China's Corn Policies Distort Markets for Other Feedstuffs

China's corn stocks are forecast to account for more than a half of global stocks by the end of 2015/16, having nearly doubled in just 5 years. The build-up in stocks has been attributed to a price support policy intended to make China more self-sufficient. Each year, the government establishes minimum purchase prices to encourage corn planting. When market prices fall below the set level, the government buys corn and stores it in the reserves. China is struggling with both massive stocks and domestic prices well above world levels.

As a result of high domestic corn prices, China emerged in 2013/14 as a major importer of alternative feed ingredients such as barley, sorghum, distiller's dried grains, and cassava. Combined imports of these feedstuffs are ahead of last year's pace for the first 4 months (Oct-Jan) in 2015/16; however, barley, sorghum, and corn imports are still forecast down over 30 percent from 2014/15. Government efforts to reduce stocks by promoting domestic corn use are expected to reduce imports of corn substitutes.

OVERVIEW

World corn production for 2015/16 is marginally lower, driven mainly by a smaller South African crop. Global trade is projected up, highlighted by greater imports for South Africa and the Philippines. Exports for Brazil, Indonesia, and South Africa are boosted, more than offsetting a cut in India. The U.S. season-average farm price is unchanged.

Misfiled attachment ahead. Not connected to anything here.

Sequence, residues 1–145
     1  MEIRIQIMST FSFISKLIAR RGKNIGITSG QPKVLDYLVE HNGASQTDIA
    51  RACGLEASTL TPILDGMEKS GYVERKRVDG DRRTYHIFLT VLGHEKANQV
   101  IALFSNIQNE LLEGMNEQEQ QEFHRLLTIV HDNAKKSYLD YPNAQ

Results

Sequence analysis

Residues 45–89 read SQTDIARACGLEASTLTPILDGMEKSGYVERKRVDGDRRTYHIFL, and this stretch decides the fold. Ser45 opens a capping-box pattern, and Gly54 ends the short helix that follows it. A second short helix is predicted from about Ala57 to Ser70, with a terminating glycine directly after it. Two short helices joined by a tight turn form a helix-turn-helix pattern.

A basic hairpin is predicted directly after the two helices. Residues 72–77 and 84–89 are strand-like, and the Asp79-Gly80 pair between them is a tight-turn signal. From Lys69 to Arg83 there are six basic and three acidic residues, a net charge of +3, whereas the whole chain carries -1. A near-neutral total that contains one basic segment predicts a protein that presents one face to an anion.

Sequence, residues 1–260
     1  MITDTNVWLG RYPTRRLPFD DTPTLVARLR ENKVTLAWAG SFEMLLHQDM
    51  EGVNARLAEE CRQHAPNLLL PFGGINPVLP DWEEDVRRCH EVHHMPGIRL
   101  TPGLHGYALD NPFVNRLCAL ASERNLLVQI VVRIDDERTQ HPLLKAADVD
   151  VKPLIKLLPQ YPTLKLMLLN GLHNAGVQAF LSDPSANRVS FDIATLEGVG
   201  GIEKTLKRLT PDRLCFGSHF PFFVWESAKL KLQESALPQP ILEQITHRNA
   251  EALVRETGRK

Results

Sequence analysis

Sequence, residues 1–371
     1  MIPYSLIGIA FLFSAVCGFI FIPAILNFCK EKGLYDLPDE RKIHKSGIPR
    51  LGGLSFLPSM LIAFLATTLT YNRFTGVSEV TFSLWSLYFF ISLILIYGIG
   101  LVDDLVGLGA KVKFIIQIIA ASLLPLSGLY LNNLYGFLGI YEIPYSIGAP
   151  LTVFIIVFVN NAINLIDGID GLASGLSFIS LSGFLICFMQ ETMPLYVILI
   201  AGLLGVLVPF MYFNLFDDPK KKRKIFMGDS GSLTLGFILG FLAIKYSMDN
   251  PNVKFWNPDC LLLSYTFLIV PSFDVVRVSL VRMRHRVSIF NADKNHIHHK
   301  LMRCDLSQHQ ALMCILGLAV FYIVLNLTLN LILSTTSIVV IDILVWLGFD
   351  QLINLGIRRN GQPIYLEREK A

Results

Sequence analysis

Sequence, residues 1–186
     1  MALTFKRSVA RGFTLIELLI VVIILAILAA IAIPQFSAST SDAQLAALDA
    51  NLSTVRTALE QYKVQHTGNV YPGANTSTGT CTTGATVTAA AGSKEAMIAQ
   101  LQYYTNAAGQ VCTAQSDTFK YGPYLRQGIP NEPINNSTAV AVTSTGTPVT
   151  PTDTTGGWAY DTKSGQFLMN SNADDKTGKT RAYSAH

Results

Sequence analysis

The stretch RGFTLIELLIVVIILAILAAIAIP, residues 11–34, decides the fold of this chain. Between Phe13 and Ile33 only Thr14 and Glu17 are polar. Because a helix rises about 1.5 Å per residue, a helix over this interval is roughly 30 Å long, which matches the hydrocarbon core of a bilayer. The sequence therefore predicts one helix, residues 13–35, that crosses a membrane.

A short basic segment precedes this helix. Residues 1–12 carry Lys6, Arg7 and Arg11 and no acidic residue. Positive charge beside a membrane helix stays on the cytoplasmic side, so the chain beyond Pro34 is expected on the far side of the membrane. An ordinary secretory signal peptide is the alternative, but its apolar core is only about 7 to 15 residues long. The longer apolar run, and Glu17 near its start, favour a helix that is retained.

PRICES

Since the February WASDE report, U.S. export quotes fell $13/ton to $159 due to large global supplies and strong competition. U.S. corn has dropped to a discount against all major exporters for the first time since January 2015. Both Argentine and Black Sea quotes fell this month (now $160/ton and $165/ton, respectively) based on strengthened global competition. Brazilian prices are seasonally unavailable.

TRADE CHANGES IN 2015/16

Selected Exporters

  • Brazilian corn is boosted 1.0 million tons to 37.5 million on the continued fast pace of shipments.
  • Indian corn is down 200,000 tons to 500,000 reflecting higher domestic prices and fading competitiveness in the world market.
  • Indonesian corn is raised 225,000 tons to 250,000 with larger expected shipments to the Philippines. (Imports are down 200,000 tons to 3.1 million on a larger crop.)

Selected Importers

  • Mexican corn is up 200,000 tons to 11.5 million on the fast pace of sales, particularly from the United States.
  • Philippine corn is boosted 300,000 tons to 800,000 to offset lower production. Feed use is expected to remain strong with wheat feeding reduced.
  • South African corn is raised 700,000 tons to 2.7 million on lower expected production and the intensifying pace of arrivals. (Exports are up 200,000 tons to 800,000 on higher expected demand from Southern African Customs Union (SACU) partners.)
  • Venezuelan corn is down 200,000 tons to 1.9 million on the slow pace of imports.
  • Pakistani sorghum is up 115,000 tons to 130,000 based on recent U.S. export sales. High domestic corn prices are driving sorghum use in feed rations.